DO Let us know if there have been (or will be) any employment changes including raises, promotions, transfers, pay status, etc.

DON’T Transition out of your current job before first connecting with us about the implications this can have to your loan.

DO Keep in mind that a new (soft) credit report will be pulled prior to closing and, if your letter expires, a new full credit report will be pulled as well.

DO Let us know if you have opened any new credit in the past 90 days; sometimes the creditors don’t report them timely and we don’t want something you opened prior to now, pop-up on the soft pull note above.

DON’T Do not incur any new debt between now and closing unless you first pass it by us; any new liability can kill your loan.

DON’T Make any major purchases between now and closing without first consulting us; this includes, but isn’t limited to, items like a new car, furniture, appliances, etc. Purchases like this can significantly impact your ability to qualify for the amount you’d like.

DO Provide your Earnest Money Deposit to your seller from your own personal account or acceptable gift funds. If not well-managed, this can cause major issues later.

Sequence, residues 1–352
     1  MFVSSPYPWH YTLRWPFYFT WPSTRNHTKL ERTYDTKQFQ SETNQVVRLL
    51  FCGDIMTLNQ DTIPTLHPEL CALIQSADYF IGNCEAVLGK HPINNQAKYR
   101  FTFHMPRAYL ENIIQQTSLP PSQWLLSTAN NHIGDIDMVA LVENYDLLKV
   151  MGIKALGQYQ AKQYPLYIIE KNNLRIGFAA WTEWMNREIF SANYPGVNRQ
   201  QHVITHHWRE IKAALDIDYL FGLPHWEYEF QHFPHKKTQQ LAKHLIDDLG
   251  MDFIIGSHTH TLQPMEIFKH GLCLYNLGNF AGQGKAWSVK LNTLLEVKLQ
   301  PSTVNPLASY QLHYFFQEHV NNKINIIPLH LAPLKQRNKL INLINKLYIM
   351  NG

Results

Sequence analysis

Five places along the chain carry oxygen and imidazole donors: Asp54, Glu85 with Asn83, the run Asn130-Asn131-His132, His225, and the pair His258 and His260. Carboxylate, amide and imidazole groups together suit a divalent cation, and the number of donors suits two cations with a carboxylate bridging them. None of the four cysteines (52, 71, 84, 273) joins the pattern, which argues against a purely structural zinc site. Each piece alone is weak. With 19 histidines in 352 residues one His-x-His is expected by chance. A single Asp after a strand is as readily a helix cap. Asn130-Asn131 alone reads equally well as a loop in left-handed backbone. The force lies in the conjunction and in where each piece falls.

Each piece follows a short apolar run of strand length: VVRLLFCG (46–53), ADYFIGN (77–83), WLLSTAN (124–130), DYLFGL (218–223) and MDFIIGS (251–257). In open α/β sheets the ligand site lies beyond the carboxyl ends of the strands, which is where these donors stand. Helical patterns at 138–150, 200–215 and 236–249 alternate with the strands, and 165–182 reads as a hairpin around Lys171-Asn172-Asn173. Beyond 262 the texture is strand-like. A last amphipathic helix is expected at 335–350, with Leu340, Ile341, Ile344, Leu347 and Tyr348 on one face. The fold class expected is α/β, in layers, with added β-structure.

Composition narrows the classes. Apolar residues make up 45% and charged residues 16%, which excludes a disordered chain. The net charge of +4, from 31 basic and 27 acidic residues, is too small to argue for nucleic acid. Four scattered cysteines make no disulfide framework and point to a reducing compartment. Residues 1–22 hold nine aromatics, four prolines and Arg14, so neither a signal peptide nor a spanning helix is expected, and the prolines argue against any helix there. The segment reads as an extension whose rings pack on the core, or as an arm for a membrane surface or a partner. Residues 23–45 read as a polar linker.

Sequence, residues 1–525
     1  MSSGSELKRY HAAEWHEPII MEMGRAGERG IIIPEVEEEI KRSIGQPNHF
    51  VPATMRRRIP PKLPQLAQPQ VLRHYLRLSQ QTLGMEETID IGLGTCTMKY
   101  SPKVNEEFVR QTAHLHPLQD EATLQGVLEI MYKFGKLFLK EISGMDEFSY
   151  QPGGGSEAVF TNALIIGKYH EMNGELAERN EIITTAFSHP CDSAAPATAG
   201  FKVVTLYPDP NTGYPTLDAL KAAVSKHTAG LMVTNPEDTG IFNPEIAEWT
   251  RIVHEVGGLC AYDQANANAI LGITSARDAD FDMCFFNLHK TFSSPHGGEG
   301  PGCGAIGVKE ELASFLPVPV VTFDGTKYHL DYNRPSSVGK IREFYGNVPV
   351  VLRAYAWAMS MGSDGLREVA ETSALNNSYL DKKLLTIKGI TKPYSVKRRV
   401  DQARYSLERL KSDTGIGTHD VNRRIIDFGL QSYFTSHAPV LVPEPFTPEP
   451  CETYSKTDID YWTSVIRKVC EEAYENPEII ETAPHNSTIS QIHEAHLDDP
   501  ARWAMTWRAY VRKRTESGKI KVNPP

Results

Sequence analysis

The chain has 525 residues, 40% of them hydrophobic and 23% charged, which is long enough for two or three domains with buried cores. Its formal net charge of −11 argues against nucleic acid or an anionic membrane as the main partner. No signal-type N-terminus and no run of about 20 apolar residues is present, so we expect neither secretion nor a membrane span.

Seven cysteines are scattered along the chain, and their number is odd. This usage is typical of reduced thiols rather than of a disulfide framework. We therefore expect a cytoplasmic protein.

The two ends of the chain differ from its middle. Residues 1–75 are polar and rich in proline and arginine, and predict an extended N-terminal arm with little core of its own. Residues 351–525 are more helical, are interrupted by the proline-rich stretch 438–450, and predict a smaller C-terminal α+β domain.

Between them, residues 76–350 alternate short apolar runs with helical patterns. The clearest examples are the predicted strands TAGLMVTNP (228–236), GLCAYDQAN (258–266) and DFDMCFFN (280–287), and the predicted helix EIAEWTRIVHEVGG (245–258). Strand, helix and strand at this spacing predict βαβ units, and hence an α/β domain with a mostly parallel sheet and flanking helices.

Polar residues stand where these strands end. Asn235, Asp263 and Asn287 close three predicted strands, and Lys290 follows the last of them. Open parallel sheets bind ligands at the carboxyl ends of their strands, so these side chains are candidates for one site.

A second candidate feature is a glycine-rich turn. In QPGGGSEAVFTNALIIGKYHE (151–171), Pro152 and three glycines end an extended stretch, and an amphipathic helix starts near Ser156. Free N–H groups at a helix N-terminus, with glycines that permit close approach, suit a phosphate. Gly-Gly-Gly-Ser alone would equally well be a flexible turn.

DON’T Deposit just anything into your bank account. Deposits into your bank account(s) that are not from payroll or transfers from another account you already own can derail your loan. Throughout the process, always remember that if you are making, plan to make, or have already made, deposits into your account(s) that are not direct-payroll-deposits or transfers from one of your current accounts to another, we need to talk to ensure it’s done in a way that is compliant with your loan program’s guidelines.

DON’T Make any decisions to close or open any asset accounts or transfer funds between accounts without first talking to us. This includes moving money from checking to savings.

DON’T Assume your rate is locked. The interest rate cannot be locked until a home has been identified and purchase contract has been secured; it can go up or down with the market until it is locked. With our premier standing as a national direct mortgage lender, I can assure you that when the time does come to lock, your rate will be both competitive to the market and very affordable. Beyond that, we have a Price Promise, which can be read here.  If you want to know what it means to lock a rate, click here. If you need suggestions on how to keep up with what the market is doing, please like our Facebook page or connect with me on Twitter or visit my Market Information area here on this website.

DO Send us the accepted offer as soon as you get it from your seller; without it, we cannot move to the formal application.

DO Familiarize yourself with the entire process of buying a home so as to know what to expect and when; you can read about that here in our full publication of the process from start to finish. While up to this point, if you’re reading on a phone, it’s been fine, this publication works best on a larger-than-a-phone screen. Check it out on a computer if you’re on a phone.